GLASS CEILING -- BAD NEWS
One day, the boss asked me to stay after a regular weekly staff meeting. Not unusual, as we often discussed things coming up, or progress on projects.
I was taken aback when he announced that a George Ditmar was being appointed as his Aide, and my dept would now be listed on the depth chart as being under his supervision. It developed that my dept was to be listed this way in order to justify the Aides job rating! I should continue to monitor the budget, and report directly to him on budget matters. The new aide would not be involved in the budget.
I said he'd just confirmed something I realized for a long time - that lacking a college degree, I worked "under a glass ceiling" - however I'd handled that assignment, over a period of some 14yrs. It distressed me that my "part time" work, over such an extended period, now warranted a full time executive job rating, a private office, and most important that I be a vehicle to justify this high rating. Not exactly good politics, but then I never was an office politician.
After lunch I just told my right hand man I'd see him in the morning, and took the afternoon off. Talking this new development over with Grace, she said I'd been there a long time (35yrs), we had no debts, if I was unhappy on the job lets take early retirement now, and we'd manage OK.
In the morning I went in to see the boss, told him I was dismayed by the latest change, and I'd take early retirement as soon as convenient to him. He asked that I not make a hasty decision, to come back in a few days and talk it over. Then, a day later, Ed Baldwin - aide to the Genl Mgr -- stopped by to visit and talk. He'd got word that I intended to take early retirement, said as long as I was in good health, without being able to go into specifics, it would be worthwhile to stay on for another year. Trusting Ed, I took him at his word and settled on staying for "one more year".
All thru the next year I never heard word one from my new "supervisor", and had no occasion to confer with him. I ran my dept as tho no change had occurred, except that I no longer attended weekly Staff meetings.
THE "GOLDEN HANDSHAKE" - FINISH FOR A 36 YEAR CAREER
In mid-year, rumors spread about a new retirement policy being in the works, and then a General Notice did announce a new policy, to take effect in January 1977. A "Golden Handshake" option for long term employees. Friend Ed, aware of plans for this new development, and with the GM's approval, had given me good advice. To wait for the better benefits due in a short time.
At last, some good news!
With almost 36 yrs of service, the new plan would let me retire at 62 yrs of age, on full pay, with continued health coverage for both Grace and I, until age 65. I liked that, and in early Sept. notified the boss I'd retire in January (incidently the end of my "one more year"). My salary, at the top of my pay scale equaled the salary of the lower Executive rating, next step higher than mine, but the perks for the Exec rating were much greater - higher life Ins coverage, higher retirement schedule, health coverage after retirement - so much for the glass ceiling.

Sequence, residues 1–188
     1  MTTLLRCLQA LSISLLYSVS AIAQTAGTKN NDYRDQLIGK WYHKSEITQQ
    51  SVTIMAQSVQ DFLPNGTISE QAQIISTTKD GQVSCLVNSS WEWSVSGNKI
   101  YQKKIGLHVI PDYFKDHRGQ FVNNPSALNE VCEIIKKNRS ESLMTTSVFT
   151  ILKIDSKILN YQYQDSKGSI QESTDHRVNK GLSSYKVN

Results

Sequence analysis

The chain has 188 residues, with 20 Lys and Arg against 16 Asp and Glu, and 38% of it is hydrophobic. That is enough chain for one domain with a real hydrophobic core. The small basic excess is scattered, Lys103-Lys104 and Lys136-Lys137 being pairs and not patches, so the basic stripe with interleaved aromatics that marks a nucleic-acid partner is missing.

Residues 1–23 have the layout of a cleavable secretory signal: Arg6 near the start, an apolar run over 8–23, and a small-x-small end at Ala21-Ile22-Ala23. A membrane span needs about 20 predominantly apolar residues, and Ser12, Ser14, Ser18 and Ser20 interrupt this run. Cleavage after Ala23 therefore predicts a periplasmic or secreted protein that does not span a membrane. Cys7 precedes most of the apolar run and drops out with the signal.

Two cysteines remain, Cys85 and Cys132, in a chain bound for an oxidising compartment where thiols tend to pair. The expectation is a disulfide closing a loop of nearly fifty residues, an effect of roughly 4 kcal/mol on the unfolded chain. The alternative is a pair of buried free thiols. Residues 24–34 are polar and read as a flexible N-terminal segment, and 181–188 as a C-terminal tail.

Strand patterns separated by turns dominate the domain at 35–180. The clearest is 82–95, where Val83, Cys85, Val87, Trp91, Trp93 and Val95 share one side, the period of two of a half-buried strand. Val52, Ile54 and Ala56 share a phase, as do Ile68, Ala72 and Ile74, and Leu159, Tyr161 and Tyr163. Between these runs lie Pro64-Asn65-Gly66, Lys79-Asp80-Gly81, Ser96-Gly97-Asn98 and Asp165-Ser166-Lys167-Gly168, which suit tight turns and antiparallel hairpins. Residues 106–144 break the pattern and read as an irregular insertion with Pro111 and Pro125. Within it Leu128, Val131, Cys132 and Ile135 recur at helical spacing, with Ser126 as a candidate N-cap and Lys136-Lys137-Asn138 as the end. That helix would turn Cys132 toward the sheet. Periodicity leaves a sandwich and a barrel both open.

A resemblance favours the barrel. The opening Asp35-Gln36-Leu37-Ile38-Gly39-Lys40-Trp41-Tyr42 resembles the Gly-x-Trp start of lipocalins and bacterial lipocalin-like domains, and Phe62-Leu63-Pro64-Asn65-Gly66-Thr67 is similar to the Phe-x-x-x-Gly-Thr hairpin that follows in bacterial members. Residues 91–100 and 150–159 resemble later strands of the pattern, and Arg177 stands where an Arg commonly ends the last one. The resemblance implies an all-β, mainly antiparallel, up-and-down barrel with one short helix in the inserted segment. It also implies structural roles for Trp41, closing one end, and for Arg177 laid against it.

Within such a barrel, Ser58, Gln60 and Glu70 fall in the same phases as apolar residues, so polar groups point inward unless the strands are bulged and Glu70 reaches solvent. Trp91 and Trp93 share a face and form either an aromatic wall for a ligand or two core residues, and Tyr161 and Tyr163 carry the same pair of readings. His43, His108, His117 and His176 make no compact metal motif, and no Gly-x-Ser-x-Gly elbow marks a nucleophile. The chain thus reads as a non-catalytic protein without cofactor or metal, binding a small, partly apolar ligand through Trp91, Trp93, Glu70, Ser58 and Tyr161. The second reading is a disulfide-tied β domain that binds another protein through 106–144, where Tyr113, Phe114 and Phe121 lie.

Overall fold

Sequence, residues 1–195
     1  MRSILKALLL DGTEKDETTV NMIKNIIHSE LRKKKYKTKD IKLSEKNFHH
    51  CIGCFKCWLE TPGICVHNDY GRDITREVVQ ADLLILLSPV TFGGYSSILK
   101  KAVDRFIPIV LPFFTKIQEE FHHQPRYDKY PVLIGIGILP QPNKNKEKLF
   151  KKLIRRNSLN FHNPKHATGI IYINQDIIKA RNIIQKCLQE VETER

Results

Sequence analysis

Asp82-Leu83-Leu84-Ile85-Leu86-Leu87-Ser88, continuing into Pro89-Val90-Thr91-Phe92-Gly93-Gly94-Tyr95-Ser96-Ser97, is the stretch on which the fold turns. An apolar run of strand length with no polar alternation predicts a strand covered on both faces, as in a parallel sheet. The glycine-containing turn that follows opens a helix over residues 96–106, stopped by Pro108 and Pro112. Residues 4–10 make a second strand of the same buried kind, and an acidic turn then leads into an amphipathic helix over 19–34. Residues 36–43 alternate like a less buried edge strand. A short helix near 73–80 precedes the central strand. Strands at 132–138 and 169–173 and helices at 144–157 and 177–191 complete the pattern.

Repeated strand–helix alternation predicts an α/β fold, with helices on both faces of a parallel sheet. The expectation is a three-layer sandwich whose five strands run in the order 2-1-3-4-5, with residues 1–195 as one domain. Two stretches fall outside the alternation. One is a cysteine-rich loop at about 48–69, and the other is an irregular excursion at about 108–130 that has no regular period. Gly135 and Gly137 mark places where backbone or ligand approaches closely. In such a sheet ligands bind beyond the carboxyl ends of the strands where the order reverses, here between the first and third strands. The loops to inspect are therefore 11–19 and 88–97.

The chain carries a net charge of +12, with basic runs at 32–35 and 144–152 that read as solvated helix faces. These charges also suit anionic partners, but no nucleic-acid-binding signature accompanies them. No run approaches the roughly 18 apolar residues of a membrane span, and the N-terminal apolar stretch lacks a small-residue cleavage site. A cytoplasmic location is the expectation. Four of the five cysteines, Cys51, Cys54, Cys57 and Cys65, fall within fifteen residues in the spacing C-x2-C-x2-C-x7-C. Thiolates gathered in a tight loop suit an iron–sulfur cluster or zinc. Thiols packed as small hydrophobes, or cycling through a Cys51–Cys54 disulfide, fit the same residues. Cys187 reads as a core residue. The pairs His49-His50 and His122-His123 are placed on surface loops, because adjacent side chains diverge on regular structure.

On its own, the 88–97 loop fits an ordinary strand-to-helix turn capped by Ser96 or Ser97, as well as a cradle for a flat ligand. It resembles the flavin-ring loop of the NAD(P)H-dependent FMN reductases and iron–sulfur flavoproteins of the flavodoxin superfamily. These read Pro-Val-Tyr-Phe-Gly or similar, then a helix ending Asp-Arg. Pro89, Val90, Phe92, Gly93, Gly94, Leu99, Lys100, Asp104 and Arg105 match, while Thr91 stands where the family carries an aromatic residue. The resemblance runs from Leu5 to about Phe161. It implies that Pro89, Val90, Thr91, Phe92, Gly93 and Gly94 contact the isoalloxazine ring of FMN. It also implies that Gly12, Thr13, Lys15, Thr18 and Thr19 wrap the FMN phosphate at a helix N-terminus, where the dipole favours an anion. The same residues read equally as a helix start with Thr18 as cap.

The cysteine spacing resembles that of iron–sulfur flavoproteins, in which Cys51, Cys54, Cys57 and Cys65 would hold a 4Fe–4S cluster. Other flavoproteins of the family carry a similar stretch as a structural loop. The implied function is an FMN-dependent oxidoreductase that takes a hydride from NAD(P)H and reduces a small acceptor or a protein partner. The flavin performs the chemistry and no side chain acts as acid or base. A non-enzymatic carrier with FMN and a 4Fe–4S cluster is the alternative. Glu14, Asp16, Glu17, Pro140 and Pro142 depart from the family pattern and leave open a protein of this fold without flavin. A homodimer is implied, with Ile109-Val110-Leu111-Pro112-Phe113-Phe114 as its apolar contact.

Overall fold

I gave notice about 10AM, and at 4PM had a phone call from one of my ex-suggestion investigators, now a Supv in Plant Engrg. Ernie had a work order to move me from my dept to a location outside his bosses office.... Did I intend to keep my same desk, or should he get me another desk? Surprised at this bombshell, I said I knew nothing about it, but would get together my personal things and leave the desk behind.
Went to see the Chief, who told me I would be on "special assignment" for the ensuing three months till retirement. So, rapidly was I removed from all responsibility, taken out of my dept, and reassigned to a dead end spot - after 36yrs of dedicated effort.
A "company man" - so much for loyalty and dedication!!
I knew that "special assignment" really meant I had nothing to do for the next three months.
Returning to the dept, I informed Gene Rice, who I'd been training to take over, about this unexpected bombshell. Now it was after quitting time and most of the group had left for home. I could not even call the group together to tell them I was being transferred out of the dept. Gene gave them the news in the morning.
I checked in at my new "special assignment" location.
Adding insult to injury, my "supervisor", who had never contacted me for any reason earlier, now phoned, and asked if I'd introduce the new IE Manager (note the new title) to the people in my dept as he did not know them by name. In anticipation of my notice to retire, a new replacement had been hired, and stashed away, awaiting the day to take over. So I met my replacement and introduced him to "my family".
Over the next three months, with nothing to do, I'd check in mornings, and leave -- whenever. I joined a local golf club, and with time to burn, learned to play some "serious" golf -- played often enough that I was invited to join an established, regular foursome, made some new friends.
The dept, "my family", arranged a very nice party to celebrate retirement properly, and on that scheduled day, after a host of people stopped by to say goodbye, I turned in my badge and walked out of FRDC.
Not the most pleasant end to a dedicated 36yr career at Pratt & Whitney Aircraft - or, as renamed, United Technology.